Kara Swisher

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Moon Shot: Earthbound Investor Milner Talks About Origins of the Universe at SXSW

yuri

There were, of course, the questions on his famously huge Facebook investment many years ago, and why he’s put money in Y Combinator to spur startup innovation.

But it’s clear from his mainstage interview at the SXSW interactive festival in Austin this morning that high-profile Russian investor Yuri Milner of DST Global has been striving to think much bigger thoughts of late.

While he’s gotten a lot of attention for his big bets in the social networking site, as well as with Twitter, Spotify, Airbnb and many others, he’s slowed his investing in the U.S. considerably to focus more on what he and many others in Silicon Valley are calling “moon shot” ideas.

“Somehow, we have lost interest in big ideas,” said Milner, in an onstage interview with Vanity Fair contributing editor Bethany McLean about shifting away from thinking — which he has funded, in part — that has gotten more short-term and pragmatic. “I think we still have a destiny as human beings.”

That has included starting up his Fundamental Physics Prize, which has now become the priciest academic award, last year. And, more recently — with Facebook co-founder Mark Zuckerberg, Google co-founder Sergey Brin, and Genentech mogul and Apple Chairman Art Levinson, among others — the launch of the Breakthrough Prize in Life Sciences Foundation.

As Mike Isaac wrote when that initiative was announced less than a month ago:

“The first round of prize recipients includes 11 scientists from a range of research disciplines, including studies in genetics, cancer research and neural behavior. Each of the 11 prize winners will receive a $3 million award for their work, and Brin, Zuckerberg, Milner and the rest of the sponsors have agreed to a five-year commitment to awarding prizes.”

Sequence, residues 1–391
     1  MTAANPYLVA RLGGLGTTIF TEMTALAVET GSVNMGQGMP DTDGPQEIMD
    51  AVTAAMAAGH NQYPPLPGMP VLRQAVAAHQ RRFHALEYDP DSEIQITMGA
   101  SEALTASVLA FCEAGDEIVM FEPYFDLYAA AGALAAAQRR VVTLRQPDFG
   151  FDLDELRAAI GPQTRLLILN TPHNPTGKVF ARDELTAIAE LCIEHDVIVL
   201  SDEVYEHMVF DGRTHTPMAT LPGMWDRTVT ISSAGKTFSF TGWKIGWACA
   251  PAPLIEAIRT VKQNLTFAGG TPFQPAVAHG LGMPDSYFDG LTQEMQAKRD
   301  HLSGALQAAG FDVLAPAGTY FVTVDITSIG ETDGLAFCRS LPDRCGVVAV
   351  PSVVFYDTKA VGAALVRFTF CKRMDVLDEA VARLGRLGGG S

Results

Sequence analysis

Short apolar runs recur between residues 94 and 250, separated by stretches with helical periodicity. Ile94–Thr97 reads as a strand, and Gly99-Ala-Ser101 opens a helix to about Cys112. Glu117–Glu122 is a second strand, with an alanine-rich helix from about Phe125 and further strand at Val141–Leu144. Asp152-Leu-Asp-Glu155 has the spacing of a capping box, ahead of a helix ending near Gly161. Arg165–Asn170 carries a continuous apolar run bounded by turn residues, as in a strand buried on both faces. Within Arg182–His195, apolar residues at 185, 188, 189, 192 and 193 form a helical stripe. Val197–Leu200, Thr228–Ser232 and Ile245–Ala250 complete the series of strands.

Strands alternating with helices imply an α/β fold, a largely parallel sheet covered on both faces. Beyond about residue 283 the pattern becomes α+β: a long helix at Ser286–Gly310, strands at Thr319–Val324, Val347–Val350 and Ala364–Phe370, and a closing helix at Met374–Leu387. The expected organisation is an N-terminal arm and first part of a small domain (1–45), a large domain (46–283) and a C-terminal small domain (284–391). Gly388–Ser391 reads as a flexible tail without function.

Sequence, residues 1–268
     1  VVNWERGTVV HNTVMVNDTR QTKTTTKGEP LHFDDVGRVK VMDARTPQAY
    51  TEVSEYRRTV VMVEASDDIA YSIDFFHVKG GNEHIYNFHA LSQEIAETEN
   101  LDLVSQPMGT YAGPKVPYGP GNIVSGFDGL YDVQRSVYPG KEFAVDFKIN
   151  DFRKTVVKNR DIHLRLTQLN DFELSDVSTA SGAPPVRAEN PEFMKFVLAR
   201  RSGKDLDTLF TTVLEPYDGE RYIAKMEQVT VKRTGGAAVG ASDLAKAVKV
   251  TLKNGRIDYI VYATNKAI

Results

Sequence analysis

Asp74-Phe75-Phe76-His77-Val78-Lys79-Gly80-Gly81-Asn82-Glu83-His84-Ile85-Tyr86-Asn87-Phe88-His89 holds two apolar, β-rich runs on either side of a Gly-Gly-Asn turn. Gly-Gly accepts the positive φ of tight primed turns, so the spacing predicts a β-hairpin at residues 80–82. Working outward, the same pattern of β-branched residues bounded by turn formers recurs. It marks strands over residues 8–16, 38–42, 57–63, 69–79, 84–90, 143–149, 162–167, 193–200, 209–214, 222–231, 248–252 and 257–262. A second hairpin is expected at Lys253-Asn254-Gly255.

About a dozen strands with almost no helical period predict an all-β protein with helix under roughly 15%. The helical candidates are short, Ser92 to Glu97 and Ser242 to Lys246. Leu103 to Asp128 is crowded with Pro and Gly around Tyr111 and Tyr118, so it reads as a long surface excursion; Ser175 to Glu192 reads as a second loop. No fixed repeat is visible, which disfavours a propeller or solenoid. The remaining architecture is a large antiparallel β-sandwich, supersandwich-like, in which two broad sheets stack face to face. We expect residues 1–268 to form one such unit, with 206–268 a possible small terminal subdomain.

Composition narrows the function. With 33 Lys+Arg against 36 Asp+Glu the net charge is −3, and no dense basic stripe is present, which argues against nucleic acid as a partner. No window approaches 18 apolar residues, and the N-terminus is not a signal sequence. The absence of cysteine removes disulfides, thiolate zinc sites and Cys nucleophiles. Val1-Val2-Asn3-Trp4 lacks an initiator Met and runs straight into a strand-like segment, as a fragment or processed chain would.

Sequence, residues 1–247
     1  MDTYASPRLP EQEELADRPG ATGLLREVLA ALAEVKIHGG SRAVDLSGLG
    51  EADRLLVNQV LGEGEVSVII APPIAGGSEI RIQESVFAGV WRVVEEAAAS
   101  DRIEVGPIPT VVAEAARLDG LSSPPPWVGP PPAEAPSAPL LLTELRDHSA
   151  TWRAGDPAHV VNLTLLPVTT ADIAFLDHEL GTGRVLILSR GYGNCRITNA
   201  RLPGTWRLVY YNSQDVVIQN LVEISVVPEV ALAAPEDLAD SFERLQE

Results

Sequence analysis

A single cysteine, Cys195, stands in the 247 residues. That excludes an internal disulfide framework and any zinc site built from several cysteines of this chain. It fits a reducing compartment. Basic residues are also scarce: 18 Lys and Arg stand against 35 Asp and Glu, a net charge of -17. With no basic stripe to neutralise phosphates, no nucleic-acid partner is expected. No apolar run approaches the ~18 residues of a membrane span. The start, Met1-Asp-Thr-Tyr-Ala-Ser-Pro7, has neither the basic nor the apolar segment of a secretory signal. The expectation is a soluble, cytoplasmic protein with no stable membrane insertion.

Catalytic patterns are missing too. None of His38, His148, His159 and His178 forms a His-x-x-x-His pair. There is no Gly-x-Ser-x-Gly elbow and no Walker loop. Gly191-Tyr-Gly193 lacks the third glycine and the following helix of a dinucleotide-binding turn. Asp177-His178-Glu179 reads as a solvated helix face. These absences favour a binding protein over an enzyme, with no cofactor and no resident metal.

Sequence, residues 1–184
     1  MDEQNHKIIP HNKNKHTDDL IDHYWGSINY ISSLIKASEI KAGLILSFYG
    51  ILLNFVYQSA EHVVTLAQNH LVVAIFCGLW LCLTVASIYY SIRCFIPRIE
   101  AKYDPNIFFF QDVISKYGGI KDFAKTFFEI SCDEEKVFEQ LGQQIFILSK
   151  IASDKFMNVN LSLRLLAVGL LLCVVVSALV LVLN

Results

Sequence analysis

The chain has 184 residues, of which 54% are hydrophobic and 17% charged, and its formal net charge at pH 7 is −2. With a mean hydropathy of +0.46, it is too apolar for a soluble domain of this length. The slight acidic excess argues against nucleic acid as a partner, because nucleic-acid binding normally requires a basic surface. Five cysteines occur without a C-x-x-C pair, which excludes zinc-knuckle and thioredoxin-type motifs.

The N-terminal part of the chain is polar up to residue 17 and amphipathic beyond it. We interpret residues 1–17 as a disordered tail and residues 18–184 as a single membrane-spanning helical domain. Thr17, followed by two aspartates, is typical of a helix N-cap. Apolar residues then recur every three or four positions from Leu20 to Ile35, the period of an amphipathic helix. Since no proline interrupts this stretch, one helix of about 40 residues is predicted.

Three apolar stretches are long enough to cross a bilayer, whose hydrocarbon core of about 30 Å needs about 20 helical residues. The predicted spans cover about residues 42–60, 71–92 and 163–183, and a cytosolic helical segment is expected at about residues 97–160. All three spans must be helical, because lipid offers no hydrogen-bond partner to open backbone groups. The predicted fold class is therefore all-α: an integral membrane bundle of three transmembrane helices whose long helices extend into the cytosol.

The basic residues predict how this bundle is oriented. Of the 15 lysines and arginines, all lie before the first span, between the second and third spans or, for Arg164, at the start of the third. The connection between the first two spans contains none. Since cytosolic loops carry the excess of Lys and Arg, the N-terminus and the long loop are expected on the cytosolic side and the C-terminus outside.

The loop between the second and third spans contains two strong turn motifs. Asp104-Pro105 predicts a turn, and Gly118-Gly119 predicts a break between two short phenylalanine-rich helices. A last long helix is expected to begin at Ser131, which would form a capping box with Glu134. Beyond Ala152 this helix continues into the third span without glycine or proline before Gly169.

Milner, who was a physicist in his early career, said onstage that he has been disheartened to see that not enough younger people choose to go into fundamental science anymore. Thus he is aming to make it more attractive via his prizes.

“We don’t have enough heroes who are admired by a large portion of the population due to their scientific achievements,” he said, noting that it will require rewarding individuals in a “disproportionate manner.”

Still, in the Q&A session, the crowd in the Austin Convention Center wanted to know mostly about more earthbound questions, such as what tech company would last 100 years, as IBM has.

According to Milner: Google, Facebook and Wikipedia, due to network effects.

Another attendee wanted to know what he thought it takes to be an entrepreneur these days.

“It’s almost a heroic effort, and kind of goes against set ways of doing things,” answered Milner.

Then someone wanted to know how the political arena could be similarly transformed.

That, I don’t know,” said Milner.

Moon shot, indeed.

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The problem with the Billionaire Savior phase of the newspaper collapse has always been that billionaires don’t tend to like the kind of authority-questioning journalism that upsets the status quo.

— Ryan Chittum, writing in the Columbia Journalism Review about the promise of Pierre Omidyar’s new media venture with Glenn Greenwald